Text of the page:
udaism stresses that the ultimate goal of man is serving and cleaving to G-d. As King David said, “One thing I ask of Hashem, that shall I seek: Would that I dwell in the presence of Hashem all the days of my life” (Tehillim 27:4). Shlomo, his son, noted that man’s whole duty is to fear G-d and keep His commandments (Kohelet 12:13). As opposed to other philosophies, Judaism does not view happiness as the goal in life; rather, the goal should be to do what is right in G-d’s eyes. Although this is the
case, Judaism recognizes happiness as an obvious result of fullling
the ultimate goal of serving and cleaving to G-d. The happiness derived from coming close to G-d is discussed throughout Jewish liturgy. Zechariah (2:14) declared, “Sing and be glad, O daughter of Zion! For behold, I am coming and I will dwell in your midst - the word of Hashem.” From this verse, it appears that the presence of Hashem rouses happiness amongst the Jewish
people. Devrei HaYamim (16:10) conrms this connection with the
words, “The heart of those who seek Hashem will be happy.” From the Jewish perspective, following G-d’s word also creates happiness in the heart. Tehillim (19: 8-9) states, “The Torah of Hashem is perfect, restoring the soul, the testimony of Hashem is trustworthy, making the simple wise; the orders of Hashem are upright, gladdening the heart…” Furthermore, later in Tehillim (97:11) it is written, “Light is sown for the righteous, for the upright of heart, gladness.” This verse again emphasizes the relationship between piety and happiness. Ramchal connects the concepts of following the Torah and G-d’s presence in his work Mesillat Yesharim. As he writes in Chapter 1, “True perfection is only cleaving to G-d…but for man to merit
this good, it is tting he should rst work…with the strength of his
actions that produce this result and these [actions] are the mitzvot.” In other words, doing mitzvot creates a spiritual proximity to G-d. Therefore, these actions lead to happiness, while they are aimed at a greater goal. Hence, according to the Jewish perspective, serving G-d is the source of true happiness. There is empirical data that seems to point toward the positive effect of Torah observance. Professor Jeremy D. Kark, M.D. Ph.D., et al. noted that “mortality in 11 secular kibbutzim between 1970 and 1985 was nearly twice that of 11 matched religious kibbutzim” . They conducted a cross sectional study on 10 of these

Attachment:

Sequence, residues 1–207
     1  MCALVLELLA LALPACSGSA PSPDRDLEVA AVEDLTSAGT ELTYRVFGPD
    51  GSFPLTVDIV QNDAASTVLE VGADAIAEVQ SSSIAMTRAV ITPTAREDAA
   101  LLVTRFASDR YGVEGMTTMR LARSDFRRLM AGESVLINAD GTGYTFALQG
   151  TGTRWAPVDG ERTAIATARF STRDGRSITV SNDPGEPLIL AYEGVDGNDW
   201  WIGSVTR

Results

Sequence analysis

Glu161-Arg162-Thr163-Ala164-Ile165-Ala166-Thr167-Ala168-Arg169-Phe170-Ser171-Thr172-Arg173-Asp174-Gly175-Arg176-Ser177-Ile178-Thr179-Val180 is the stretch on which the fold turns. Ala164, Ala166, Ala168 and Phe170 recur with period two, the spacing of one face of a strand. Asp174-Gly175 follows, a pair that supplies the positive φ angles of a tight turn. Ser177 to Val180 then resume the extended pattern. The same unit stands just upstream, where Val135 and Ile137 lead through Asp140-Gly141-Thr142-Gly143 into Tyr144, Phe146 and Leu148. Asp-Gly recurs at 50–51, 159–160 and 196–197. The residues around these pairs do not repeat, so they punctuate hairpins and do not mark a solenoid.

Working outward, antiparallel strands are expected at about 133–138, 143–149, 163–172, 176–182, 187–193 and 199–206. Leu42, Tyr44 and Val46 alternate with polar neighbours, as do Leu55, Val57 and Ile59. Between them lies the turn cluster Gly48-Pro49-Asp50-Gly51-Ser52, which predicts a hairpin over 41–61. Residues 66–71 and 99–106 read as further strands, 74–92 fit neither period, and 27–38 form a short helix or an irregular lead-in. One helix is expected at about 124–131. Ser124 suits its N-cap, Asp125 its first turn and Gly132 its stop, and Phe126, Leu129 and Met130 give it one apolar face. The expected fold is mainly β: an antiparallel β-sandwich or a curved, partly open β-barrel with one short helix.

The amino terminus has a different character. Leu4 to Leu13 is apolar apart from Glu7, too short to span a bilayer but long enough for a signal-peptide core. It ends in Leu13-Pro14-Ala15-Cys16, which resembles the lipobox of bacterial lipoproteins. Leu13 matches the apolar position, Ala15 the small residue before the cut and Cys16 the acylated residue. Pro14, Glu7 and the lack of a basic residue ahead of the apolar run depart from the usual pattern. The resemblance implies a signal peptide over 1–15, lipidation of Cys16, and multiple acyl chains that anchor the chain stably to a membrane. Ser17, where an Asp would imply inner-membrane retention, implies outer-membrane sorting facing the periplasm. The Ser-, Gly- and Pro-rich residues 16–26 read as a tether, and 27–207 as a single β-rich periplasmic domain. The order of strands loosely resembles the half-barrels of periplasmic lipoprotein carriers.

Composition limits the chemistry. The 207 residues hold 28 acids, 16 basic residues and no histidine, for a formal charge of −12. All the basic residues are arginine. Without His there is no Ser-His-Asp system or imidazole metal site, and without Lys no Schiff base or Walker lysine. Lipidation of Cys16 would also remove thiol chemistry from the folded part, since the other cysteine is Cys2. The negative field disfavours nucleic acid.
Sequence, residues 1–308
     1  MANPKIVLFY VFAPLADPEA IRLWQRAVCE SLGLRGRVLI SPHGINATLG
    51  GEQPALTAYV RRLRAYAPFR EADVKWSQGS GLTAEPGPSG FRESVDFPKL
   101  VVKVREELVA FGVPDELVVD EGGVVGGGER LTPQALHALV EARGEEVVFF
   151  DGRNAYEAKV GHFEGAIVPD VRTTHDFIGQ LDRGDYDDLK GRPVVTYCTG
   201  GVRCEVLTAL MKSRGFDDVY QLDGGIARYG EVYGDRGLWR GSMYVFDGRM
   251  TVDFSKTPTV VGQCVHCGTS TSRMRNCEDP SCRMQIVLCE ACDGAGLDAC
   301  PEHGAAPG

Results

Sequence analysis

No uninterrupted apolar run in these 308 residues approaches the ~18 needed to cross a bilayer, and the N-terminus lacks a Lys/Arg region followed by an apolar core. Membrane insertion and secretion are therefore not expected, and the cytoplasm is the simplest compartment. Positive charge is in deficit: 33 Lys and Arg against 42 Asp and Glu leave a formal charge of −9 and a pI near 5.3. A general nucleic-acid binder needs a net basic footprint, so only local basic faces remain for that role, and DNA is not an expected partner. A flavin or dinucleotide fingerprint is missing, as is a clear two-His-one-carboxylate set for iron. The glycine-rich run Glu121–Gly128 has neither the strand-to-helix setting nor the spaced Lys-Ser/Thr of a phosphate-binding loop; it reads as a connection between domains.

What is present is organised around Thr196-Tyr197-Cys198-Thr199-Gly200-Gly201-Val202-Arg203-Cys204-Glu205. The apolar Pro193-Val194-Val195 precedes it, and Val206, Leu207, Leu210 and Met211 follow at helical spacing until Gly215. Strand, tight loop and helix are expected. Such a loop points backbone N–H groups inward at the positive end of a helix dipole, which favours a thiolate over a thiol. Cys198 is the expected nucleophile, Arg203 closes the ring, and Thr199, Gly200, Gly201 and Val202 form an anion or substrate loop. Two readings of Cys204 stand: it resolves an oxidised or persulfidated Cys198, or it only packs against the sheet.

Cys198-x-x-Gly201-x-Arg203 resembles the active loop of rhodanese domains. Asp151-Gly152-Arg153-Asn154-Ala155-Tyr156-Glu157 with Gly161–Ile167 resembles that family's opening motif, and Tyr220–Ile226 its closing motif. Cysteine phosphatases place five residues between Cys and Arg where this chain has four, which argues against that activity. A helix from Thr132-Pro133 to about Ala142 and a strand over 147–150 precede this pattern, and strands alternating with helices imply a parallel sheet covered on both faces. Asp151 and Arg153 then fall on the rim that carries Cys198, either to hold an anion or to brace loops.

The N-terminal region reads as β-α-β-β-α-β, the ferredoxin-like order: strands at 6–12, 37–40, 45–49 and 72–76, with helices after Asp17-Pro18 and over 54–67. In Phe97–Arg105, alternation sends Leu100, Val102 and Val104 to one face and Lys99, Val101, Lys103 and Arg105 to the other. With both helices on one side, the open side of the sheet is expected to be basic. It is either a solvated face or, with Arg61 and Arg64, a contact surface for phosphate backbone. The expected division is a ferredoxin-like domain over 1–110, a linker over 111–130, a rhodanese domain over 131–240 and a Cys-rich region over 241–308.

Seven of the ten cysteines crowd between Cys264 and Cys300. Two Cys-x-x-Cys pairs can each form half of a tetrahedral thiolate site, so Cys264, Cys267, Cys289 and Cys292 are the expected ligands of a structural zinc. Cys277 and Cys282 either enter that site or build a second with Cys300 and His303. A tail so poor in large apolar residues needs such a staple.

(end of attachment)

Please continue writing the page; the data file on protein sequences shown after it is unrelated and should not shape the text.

kibbutzim and concluded that “the ndings are consistent with an
interpretation that Jewish religious observance may enhance the formation of certain protective personality characteristics.” This study suggests an association between Jewish religiosity and a lower kibbutz mortality rate.
Does Performing Mitzvot Make Us Happy?
Professor Jeff Levin reported on ndings of the 2009 Israel Social
Survey, which involved 6,056 Jewish participants . Religious indicators were found by asking the participants questions about their Jewish religious knowledge, their preservation of Jewish tradition, their synagogue attendance, and how important they viewed Jewish observance. The amount of knowledge regarding Jewish religion and tradition was positively correlated with greater well-being. Well-being was measured with the help of self-assessment questions regarding health, functional health, and life satisfaction. Synagogue attendance showed a large positive relationship with overall life satisfaction, as did the preservation of Jewish religious tradition. The importance of Jewish observance seemed to have no effect. Datim and Haredim self-reported to have the greatest levels of well-being. Overall, Professor Levin found
that “greater Jewish religious observance is signicantly associated
with higher scores on indicators of self-rated health, functional health, and life satisfaction.” Two studies were conducted by Professor Leslie J. Francis et al. on religiosity, personality, and happiness, one study among 203 Israeli male and one study among 298 female undergraduates [3, 4]. Religiosity was measured using the Katz-Francis Scale of Attitude toward Judaism, a questionnaire analyzing their responses to G-d, Bible, prayer, synagogue, and the Jewish religion. By taking
personality into account, a signicant positive correlation between
religiosity and happiness was noted. These studies suggest that feelings of connection to G-d and observance of Jewish customs are associated with increased levels of happiness and other positive qualities. However, Judaism understands the element of personal choice as well. For example, in Tehillim (100:2), we are told to take initiative to “serve Hashem with happiness, come before Him with joyous song.” In fact, the Jewish people were warned regarding what would happen if they did not add the personal dimension of happiness to their service, with the words “Because you did not serve Hashem, your G-d, amid happiness and goodness of heart…so you will serve your enemies whom Hashem will send against you, in hunger and in thirst, in nakedness and without anything...” (Devarim 28: 47-48). In the Jewish view, though there is a necessary element of personal connection to the mitzvot, happiness is still ultimately derived from service and relationship with G-d, and empirical evidence seems to support this belief. Through their connection and service of G-d, people can attain an inward happiness, based on something beyond themselves.